The Mindful Bard – Three Short Films

Eight Rare Takes on What it Means to Be Canadian, From the Lives of Four Bush Hermits

Site: NFB/Blog
Hobos, Hermits and Drifters: Three Short Films Starring Wise Loners of the Canadian Bush
Films: Nahanni, directed by Donald Wilder
David and Bert,
directed by Daryl Duke
Man Who Chooses the Bush, directed by Tom Radford

Being just a wee bit homesick, when I got the email notification that the NFB was offering three old shorts about wilderness solitaries for free viewing online I was like a tabby in a catnip patch. The fact that Vancouver Island’s Bert Clayton, one of these “wise loners,” wears the same plaid jacket my dad used to wear to stack wood (and which I often borrowed to stack wood myself) was icing on the cake, easing the homesick blues for a few happy hours.

Living in a foreign country can make a Canadian especially aware of the things that make Canada unique? something easier sensed than explained, but these three documentaries do much to distil the essence of “Canadianness,” making it salient enough to take it apart and analyze it a little.

So what might be eight best qualities of Canadians, as exemplified in these three documentaries?

1. A willingness to embrace solitude: “I can stay out here for a year without seeing a soul. That doesn’t bother me at all,” says Frank Ladouceur, a Cree trapper who camps and traps muskrat near the Athabasca River. “If I die out here in the bush, I’ll die happy, not in a hospital.”

2. The patience to endure hardship indefinitely in the pursuit of a difficult goal: In Nahanni a man in his seventies practically moves mountains in a search of precious metal, taking a week to portage camping equipment and lumber to build a new boat, but, in the end, wilderness conditions force him to turn back. He vows to return again and again until he finds gold.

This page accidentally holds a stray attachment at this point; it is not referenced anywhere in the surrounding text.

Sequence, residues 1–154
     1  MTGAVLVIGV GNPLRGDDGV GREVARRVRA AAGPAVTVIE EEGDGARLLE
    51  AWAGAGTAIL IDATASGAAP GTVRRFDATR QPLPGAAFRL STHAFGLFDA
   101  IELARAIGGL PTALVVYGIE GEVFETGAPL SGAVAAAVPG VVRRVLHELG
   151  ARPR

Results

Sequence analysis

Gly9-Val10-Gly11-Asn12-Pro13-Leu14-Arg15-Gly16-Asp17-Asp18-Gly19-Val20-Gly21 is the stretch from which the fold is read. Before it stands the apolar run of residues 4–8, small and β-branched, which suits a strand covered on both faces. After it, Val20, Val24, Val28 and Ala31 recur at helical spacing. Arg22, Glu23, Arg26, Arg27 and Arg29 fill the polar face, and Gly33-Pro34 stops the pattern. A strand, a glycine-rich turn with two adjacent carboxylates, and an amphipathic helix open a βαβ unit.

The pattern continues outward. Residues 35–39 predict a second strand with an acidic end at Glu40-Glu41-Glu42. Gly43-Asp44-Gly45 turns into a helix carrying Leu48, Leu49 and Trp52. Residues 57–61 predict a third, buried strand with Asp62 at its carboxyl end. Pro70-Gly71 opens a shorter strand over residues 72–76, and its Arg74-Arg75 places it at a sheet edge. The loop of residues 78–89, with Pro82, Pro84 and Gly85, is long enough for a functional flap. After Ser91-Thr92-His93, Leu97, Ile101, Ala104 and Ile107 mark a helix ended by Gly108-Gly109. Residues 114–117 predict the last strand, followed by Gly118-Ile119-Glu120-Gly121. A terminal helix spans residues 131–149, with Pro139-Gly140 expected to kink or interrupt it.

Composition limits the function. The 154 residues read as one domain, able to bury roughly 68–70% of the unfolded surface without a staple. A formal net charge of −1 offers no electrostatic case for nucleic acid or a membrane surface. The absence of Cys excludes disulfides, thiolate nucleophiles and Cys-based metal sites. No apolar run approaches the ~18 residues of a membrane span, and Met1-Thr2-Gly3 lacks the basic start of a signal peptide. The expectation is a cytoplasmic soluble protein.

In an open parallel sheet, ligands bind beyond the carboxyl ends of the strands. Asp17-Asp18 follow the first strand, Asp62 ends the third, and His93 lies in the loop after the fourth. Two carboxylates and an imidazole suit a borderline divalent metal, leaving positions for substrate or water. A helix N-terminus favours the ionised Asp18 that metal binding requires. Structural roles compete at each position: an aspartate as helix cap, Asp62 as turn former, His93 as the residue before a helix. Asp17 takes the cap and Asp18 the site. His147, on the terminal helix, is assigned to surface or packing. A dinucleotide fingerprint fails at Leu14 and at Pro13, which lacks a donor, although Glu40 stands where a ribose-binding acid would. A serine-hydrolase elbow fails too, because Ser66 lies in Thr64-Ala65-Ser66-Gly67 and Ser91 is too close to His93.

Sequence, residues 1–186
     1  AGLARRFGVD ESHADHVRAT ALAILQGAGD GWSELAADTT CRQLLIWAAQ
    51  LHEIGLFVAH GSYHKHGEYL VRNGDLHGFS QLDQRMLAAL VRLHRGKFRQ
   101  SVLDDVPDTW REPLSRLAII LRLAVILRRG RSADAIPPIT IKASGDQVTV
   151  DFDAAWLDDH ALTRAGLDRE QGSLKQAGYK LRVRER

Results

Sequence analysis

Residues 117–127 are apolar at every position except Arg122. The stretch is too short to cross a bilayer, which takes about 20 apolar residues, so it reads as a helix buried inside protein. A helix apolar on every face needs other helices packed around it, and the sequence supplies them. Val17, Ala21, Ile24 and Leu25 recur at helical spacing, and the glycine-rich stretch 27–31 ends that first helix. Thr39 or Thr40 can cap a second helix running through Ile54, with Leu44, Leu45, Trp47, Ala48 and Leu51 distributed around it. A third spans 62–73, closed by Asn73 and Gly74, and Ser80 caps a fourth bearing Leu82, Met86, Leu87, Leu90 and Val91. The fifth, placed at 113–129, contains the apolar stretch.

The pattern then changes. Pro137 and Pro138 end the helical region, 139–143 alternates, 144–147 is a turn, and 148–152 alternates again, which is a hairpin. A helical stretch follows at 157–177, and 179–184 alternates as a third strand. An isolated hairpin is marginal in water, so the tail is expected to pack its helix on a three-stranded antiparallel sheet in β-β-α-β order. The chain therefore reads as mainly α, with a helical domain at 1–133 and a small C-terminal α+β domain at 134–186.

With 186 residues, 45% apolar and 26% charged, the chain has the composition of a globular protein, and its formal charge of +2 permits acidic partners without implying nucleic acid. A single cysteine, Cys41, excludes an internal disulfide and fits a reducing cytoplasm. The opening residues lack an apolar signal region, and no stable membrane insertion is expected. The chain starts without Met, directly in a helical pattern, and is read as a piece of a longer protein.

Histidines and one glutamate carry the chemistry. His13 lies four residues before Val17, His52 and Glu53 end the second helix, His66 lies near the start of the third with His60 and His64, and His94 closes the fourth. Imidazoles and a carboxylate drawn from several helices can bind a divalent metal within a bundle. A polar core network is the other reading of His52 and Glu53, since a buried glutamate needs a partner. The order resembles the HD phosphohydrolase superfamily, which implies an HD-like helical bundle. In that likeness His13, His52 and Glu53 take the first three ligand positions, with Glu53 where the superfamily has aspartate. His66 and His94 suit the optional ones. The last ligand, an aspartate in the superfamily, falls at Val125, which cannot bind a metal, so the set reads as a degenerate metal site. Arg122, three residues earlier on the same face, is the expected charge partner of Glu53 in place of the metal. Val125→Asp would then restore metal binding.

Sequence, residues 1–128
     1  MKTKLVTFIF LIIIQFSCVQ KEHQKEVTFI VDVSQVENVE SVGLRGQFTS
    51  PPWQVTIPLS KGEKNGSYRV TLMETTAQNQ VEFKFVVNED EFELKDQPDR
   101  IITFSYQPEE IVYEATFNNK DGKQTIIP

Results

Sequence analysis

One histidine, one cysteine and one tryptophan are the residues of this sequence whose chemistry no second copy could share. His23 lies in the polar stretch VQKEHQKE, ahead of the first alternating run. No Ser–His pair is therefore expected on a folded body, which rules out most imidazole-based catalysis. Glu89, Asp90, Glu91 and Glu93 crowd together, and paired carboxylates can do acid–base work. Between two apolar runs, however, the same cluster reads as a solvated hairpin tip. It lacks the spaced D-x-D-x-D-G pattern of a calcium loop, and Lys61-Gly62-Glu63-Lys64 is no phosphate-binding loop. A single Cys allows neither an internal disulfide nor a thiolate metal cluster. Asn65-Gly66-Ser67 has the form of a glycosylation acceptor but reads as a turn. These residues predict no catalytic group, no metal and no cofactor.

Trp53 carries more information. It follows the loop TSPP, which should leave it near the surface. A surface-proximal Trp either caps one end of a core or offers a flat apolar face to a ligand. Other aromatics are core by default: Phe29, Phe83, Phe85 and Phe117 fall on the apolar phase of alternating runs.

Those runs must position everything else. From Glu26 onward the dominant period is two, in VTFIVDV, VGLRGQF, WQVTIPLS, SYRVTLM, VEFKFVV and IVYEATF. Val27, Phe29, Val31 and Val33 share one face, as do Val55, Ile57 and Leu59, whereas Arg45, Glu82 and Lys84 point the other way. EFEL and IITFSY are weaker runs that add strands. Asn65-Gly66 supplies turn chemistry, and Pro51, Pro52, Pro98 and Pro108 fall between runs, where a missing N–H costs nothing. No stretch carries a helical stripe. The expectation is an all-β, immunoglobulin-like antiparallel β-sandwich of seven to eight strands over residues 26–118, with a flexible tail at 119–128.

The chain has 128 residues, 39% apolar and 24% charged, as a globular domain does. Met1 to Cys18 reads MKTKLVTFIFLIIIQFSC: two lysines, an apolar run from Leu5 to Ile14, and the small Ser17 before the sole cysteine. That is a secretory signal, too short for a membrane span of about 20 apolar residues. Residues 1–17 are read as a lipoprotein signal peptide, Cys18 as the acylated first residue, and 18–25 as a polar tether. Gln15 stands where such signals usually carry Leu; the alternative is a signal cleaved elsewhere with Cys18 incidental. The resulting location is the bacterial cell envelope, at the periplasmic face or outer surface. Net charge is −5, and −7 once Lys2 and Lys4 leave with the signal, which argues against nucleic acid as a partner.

3. The valuing of ancient knowledge and the readiness to preserve it and to pass it on:
In David and Bert Vancouver Island’s David Frank lovingly embraces ancestral knowledge and is ever ready to teach First Nations youth how to survive in the bush, honour their ancestors, and treat others with kindness.

4. A sense of personal responsibility for building the country and improving on it: Bert Clayton takes joy in the thought that while living as a solitary prospector he may be “creating something other people might benefit from;” if his prospecting uncovers a gold mother lode, for example, it would create needed jobs.

5. A love of nature and a belief that living in harmony with it is a kind of spiritual practice:
Every one of these wilderness solitaries is clearly a highly spiritual being, rejecting a world that they see as compromising their personal integrity. “I don’t think anyone could be more contented with his life as I’ve been,” says Bert Clayton. “The very thought of living harmoniously amongst the animals in the woods and the tinder in the bush? that seems to give me a great sense of satisfaction.”

6. A cheery outlook in spite of difficult living conditions: “I love living,” Clayton says. “I’d do it all again.” David Frank’s face carries all the joy of a Buddha. And Ladouceur is so content living in the wilderness that he stays there alone most of the time, even while his family lives in town.

7. Respect for other cultures: Having just listened to a BBC broadcast in which various Europeans were quite freely denigrating the Roma people, it struck me that this kind of talk simply wouldn’t be acceptable in polite Canadian circles. And the very fact that even old NFB docs took pains to include First Nations voices in the discussion of wilderness, granting a venerating view of aboriginal peoples and their history, is evidence of the Canadian penchant for social harmony.

8. “Ingenility:” Okay, this is a word my grandpa made up, but It’s such a perfect way of describing homespun problem-solving that I have to use it. Clayton demonstrates ingenility with a self-designed mousetrap that sends mice to their doom by luring them onto a wheel and then dumping them into a barrel. There are many other examples in our history: Tommy Douglas, to cite one, also demonstrated ingenility when he developed the Canadian medicare system. Ingenility is the opposite of sitting around waiting for someone else to fix something for you.

If You’re not demonstrating any of these qualities, maybe It’s time to spend some time alone, reflecting on the Canadian wilderness. Watching these three films can help get you started.

Wanda also writes the blog The Mindful Bard:The Care and Feeding of the Creative Self.

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